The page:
Background: Catheter ablation is widely used in atrial fibrillation (AF) management. In this study, we are aimed to investigate the incidence of postprocedural cognitive decline in a larger population undergoing AF ablation under local anesthesia, and to evaluate the associated risk factors.
Methods: This study included 287 patients with normal cognitive functions, with 190 ablated AF patients (study group) and 97 AF patients who are awaiting ablation (practice group). We assessed the neuropsychological function of each patient for twice (study group: 24 h prior to ablation and 48 h post ablation; practice group: on the day of inclusion and 72 h later but before ablation). The reliable change index was used to analyze the neuropsychological testing scores and to identify postoperative cognitive dysfunction (POCD) at 48 h post procedure. Patients in the study group accepting a 6-month follow up were given an extra cognitive assessment.
Results: Among the ablated AF patients, 13.7% (26/190) had POCD at 48 h after the ablation procedure. Multivariable analysis revealed that, a minimum intraoperative activated clotting time (ACT) < 300 s (OR 3.82, 95% CI 1.48-9.96, P = 0.006) and not taking oral anticoagulants within one month prior to ablation(OR 10.35, 95% CI 3.54-30.27, P < 0.001) were significantly related to POCD at 48 h post-ablation. In 172 patients of the study group accepting a 6-month follow up, there were 23 patients with POCD at 48 h post-ablation and 149 patients without POCD. The global cognitive scores were decreased in 48 h post-operation tests (0 ± 1 vs - 0.15 ± 1.10, P < 0.001) and improved significantly at 6 months post-operation (0 ± 1 vs 0.43 ± 0.92, P < 0.001). In the 23 patients with POCD at 48 h after the procedure, global cognitive performance at 6 months was not significantly different compared with that at baseline (- 0.05 ± 1.25 vs - 0.19 ± 1.33, P = 0.32), while 13 of them had higher scores than baseline level.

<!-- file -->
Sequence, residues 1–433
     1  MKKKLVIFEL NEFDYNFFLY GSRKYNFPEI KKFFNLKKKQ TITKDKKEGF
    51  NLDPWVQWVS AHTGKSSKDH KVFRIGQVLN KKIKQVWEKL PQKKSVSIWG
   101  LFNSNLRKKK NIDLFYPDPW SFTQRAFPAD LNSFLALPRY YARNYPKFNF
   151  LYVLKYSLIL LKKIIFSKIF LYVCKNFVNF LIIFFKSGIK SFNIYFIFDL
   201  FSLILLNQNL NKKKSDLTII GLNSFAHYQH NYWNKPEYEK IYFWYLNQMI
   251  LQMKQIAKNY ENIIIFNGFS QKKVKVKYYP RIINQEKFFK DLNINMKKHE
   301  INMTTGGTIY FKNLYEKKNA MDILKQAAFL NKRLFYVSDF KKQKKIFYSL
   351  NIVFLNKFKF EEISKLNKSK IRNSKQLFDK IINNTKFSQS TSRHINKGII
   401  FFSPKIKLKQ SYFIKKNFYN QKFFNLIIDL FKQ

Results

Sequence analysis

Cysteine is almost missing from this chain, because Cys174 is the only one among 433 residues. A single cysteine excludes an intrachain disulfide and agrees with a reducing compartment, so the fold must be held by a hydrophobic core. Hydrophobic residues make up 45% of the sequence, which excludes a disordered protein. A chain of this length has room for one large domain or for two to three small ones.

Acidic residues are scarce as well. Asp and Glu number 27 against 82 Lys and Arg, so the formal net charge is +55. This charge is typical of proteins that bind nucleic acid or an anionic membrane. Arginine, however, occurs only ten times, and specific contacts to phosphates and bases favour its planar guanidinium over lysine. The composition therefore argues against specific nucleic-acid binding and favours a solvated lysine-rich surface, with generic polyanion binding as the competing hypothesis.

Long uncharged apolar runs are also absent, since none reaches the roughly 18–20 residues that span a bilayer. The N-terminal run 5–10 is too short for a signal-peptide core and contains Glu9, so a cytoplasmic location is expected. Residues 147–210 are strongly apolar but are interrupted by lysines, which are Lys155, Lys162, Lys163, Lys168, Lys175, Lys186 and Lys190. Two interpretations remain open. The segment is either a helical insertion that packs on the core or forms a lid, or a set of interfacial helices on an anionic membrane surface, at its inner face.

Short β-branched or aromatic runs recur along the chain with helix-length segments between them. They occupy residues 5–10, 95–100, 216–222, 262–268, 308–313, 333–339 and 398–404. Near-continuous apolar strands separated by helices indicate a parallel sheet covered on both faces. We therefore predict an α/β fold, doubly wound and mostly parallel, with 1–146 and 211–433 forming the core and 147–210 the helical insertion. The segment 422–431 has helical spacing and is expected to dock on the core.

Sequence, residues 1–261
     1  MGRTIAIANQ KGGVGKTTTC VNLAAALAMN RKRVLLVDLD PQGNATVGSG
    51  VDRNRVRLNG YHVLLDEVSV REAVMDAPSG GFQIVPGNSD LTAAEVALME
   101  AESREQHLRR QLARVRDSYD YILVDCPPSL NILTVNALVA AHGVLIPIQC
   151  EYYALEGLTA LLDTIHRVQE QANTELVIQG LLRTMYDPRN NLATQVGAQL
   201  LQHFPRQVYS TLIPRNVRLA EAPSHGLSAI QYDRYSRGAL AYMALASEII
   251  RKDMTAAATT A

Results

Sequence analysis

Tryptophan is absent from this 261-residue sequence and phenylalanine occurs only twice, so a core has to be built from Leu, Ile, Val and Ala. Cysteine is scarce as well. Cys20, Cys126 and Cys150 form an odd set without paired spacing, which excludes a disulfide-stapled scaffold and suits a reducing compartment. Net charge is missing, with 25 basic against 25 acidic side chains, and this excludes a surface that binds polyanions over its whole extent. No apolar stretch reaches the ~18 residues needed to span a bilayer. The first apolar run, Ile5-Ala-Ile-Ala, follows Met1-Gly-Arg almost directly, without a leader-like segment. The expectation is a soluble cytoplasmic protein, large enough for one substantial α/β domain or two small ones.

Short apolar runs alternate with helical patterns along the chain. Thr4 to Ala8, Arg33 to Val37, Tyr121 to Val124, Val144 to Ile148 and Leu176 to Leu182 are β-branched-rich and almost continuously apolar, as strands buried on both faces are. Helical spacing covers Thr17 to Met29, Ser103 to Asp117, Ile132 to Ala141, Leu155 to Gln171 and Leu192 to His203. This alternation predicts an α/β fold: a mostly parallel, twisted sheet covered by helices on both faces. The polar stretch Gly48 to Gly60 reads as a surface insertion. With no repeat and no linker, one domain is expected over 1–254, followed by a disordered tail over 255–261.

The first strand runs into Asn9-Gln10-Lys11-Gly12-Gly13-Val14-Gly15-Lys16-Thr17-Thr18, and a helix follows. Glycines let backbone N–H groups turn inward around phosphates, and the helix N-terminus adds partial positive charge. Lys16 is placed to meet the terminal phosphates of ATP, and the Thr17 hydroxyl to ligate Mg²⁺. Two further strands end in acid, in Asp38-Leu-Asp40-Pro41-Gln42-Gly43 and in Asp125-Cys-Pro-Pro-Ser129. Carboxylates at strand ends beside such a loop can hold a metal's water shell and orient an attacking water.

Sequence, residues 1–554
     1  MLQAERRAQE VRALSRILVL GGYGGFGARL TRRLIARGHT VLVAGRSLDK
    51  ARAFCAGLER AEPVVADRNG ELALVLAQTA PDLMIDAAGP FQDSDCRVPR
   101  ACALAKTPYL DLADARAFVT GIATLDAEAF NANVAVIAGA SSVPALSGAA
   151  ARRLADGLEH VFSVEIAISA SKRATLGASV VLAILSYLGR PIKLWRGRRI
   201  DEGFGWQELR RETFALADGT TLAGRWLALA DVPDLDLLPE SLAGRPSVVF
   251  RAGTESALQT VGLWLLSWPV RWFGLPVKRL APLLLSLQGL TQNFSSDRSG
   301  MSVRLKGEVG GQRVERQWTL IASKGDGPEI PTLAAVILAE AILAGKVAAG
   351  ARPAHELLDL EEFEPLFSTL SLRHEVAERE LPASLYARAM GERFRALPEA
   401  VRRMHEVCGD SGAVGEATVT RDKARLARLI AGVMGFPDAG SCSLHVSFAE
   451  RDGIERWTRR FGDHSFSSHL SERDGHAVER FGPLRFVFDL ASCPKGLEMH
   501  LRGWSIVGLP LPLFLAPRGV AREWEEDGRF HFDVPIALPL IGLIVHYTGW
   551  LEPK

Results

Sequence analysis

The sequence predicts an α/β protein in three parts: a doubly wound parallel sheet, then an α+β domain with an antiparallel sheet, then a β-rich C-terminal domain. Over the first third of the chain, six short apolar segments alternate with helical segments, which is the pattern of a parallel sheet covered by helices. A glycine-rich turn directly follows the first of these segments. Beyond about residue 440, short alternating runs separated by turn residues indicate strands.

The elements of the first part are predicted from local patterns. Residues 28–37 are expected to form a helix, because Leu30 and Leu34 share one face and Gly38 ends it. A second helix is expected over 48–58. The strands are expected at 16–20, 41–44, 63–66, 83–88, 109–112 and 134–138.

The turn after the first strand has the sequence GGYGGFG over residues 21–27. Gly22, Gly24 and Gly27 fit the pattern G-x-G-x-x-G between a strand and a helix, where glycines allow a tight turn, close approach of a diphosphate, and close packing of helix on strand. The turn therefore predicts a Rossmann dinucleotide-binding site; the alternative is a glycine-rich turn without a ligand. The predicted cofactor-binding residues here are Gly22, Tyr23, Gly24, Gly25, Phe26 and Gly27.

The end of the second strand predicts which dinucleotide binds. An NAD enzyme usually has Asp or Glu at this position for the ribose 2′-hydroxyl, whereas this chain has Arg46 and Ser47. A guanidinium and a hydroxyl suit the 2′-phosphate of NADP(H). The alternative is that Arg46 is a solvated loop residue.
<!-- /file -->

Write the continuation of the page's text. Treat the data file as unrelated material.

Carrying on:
Conclusions: Incident of POCD after ablation procedures is high in the short term. Inadequate periprocedural anticoagulation are possible risk factors. However, most POCD are reversible at 6 months, and a general improvement was observed in cognitive function at 6 months after ablation.
© 2021. The Author(s).